The colonisation of Alaska gave the models yet another use as souvenirs and collectibles. The local livelihoods and cultures began to shift as Russians and other outsiders started to travel in the indigenous land and water areas, and different miniature sculptures and models were now made for exchange and sale with visitors. During the Russian regime, kayak models became popular among Europeans, and even Finns such as the civil servant Etholén, the priest Uno Cygnaeus and the sea captain Axel Gustaf Juselius acquired them for their collections. One miniature model (VK1008) is known to have been purchased at the Sitka Market Square.

Photos 7-16: Markku Haverinen, Ilari Järvinen, Matti Huuhka / Finnish Heritage Agency.

Most of the object acquisitions in the ethnographic collection of the National Museum of Finland were connected to colonialism. At the time of the acquisition of the early Alaskan objects, Finland, like Alaska, belonged to Russia, and the Greenlandic kayak in the National Museum's collection was purchased by a colonial official, H. Lindow, who was a Danish settlement inspector. Lindow and other royal inspectors were the highest-ranking officials of the Danish-occupied Greenland from the late 18th century to the early 20th century.

According to the cataloguing information from 1923, the kayak (VK5023:1), which Lindow donated to the National Museum of Finland along with a larger collection of objects, is from Western Greenland but, judging by its lines and low deck, it might also be from Eastern Greenland. Lindow was an inspector for Northern Greenland from 1913 to 1924. A replica of this kayak is also being planned, and research into it will continue.

Pilvi Vainonen

Photo 17: A Greenlandic kayak (VK5023:1) being prepared at the storage facility of the Finnish Heritage Agency for transfer to the Vantaa Collection and Conservation Centre. Next to it is the side of an Alaskan kayak (VK5987:2), which is in poor condition. Finnish Heritage Agency.

Photo 18: Mikko Loikkanen and Henric Bladh examining a Greenlandic kayak at the Finnish Heritage Agency's Collection and Conservation Centre. The kayak includes a paddle and a canvas that was likely used as a hunting curtain and erected on the fore deck of the kayak. Pilvi Vainonen, National Museum of finland.

Sources and reading

Cunningham Christopher, 2002. Building the Greenland Kayak : A Manual for Its Construction and Use. International Marine/Ragged Mountain Press.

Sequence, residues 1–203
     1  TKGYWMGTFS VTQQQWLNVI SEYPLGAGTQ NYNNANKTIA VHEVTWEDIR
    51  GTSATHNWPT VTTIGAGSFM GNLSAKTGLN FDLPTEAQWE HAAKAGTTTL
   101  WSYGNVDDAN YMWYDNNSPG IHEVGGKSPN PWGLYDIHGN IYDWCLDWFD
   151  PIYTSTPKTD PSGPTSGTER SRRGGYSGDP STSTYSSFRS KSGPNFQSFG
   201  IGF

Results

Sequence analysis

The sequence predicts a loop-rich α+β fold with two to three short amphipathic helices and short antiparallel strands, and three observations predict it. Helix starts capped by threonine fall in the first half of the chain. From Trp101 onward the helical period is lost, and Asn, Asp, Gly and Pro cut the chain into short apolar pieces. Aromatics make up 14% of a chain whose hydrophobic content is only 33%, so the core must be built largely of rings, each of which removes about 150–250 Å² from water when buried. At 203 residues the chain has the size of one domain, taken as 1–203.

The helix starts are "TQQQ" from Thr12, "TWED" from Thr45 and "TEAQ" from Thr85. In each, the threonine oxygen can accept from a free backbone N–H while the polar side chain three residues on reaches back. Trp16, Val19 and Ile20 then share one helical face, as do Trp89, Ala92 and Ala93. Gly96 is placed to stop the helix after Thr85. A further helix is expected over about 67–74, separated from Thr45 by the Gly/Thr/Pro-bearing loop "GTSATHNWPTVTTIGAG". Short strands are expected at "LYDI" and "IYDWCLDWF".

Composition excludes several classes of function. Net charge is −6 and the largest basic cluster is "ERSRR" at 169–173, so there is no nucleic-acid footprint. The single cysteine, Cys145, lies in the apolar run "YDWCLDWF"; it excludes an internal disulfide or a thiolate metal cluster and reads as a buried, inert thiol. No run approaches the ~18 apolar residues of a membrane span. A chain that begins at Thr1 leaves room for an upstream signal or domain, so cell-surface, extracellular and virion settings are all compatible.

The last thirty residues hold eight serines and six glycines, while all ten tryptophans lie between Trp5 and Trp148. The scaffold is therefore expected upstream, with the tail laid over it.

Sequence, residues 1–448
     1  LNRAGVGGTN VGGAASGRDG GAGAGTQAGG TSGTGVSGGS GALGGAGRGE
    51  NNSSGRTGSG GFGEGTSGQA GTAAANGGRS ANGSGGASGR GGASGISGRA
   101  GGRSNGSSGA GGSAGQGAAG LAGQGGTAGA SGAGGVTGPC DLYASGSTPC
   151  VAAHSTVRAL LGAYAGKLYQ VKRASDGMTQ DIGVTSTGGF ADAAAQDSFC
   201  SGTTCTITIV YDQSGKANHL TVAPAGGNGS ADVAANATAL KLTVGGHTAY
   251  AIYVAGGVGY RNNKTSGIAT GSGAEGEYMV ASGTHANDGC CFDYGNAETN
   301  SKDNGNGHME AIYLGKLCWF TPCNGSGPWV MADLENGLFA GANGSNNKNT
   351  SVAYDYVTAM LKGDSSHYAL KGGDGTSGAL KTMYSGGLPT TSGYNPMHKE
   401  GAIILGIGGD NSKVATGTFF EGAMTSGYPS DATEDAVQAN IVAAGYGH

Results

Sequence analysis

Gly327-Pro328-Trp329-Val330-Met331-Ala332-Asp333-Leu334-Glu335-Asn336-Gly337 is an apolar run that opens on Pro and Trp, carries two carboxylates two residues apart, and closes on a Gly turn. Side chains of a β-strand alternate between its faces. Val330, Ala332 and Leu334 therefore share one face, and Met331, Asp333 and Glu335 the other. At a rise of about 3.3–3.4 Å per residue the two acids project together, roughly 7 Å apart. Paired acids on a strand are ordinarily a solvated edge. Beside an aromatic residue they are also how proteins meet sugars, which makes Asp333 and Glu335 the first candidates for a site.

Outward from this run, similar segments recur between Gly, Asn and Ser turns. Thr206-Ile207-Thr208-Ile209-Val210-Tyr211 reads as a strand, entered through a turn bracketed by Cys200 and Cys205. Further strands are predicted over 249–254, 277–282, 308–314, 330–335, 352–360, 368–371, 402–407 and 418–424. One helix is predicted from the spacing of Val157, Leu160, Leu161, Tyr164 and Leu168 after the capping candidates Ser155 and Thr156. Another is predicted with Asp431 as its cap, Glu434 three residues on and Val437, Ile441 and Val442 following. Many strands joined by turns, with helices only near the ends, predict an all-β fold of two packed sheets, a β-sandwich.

Dyson George, 1986. Baidarka: The Kayak. Alaska Northwest Books.

Freuchen Peter, 1958 (1936). Nuoruuteni Grönlannissa. WSOY.

Golden Harvey, 2015. Kayaks of Alaska. White House Grocery Press.

Rousselot JeanLoup, William Fitzhugh and Aron Crowell, 1988. Maritime Economics of the North Pacific Rim. In: Crossroads of Continents, eds W. Fitzhug and A. Crowell, Smithsonian Institution Press, Washington, D.C.

Varjola Pirjo (ed.), 1990. The Etholén Collection. The ethnographic Alaskan collection of Adolf Etholén and his contemporaries in the National Museum of Finland. National Board of Antiquities of Finland, Helsinki.


Arvid Adolf Etholén,

George Dyson, The Floating World

“Best-selling author and science historian George Dyson spent his youth living in a treehouse on the water's edge outside of Vancouver, British Columbia, building aluminum-frame kayaks based on the traditional Aleut design known by the Russian term "baidarka". In this short documentary, Dyson discusses his years living in Canada and traveling by sea kayak along the Inside Passage. We follow him as he gives a presentation on traditional kayaks at the Alaska Native Day celebration at Fort Ross, California, an historic early 19th century Russian settlement.”


"Here you will find a lot of information on Greenland and traditional kayaks, on kajakkbuilding and paddlemaking and in the webshop you will find all the Norwegian Wood Paddles made by kayakbuilder and paddlemaker Anders Thygesen."

Cape Falcon Kayak,

Three-Hatch Kayak Model, Hood Museumm, https://hoodmuseum.dartmouth.e...


Mikko Loikkanen, Henric Bladh

Tuomas Toivonen

Pirjo Varjola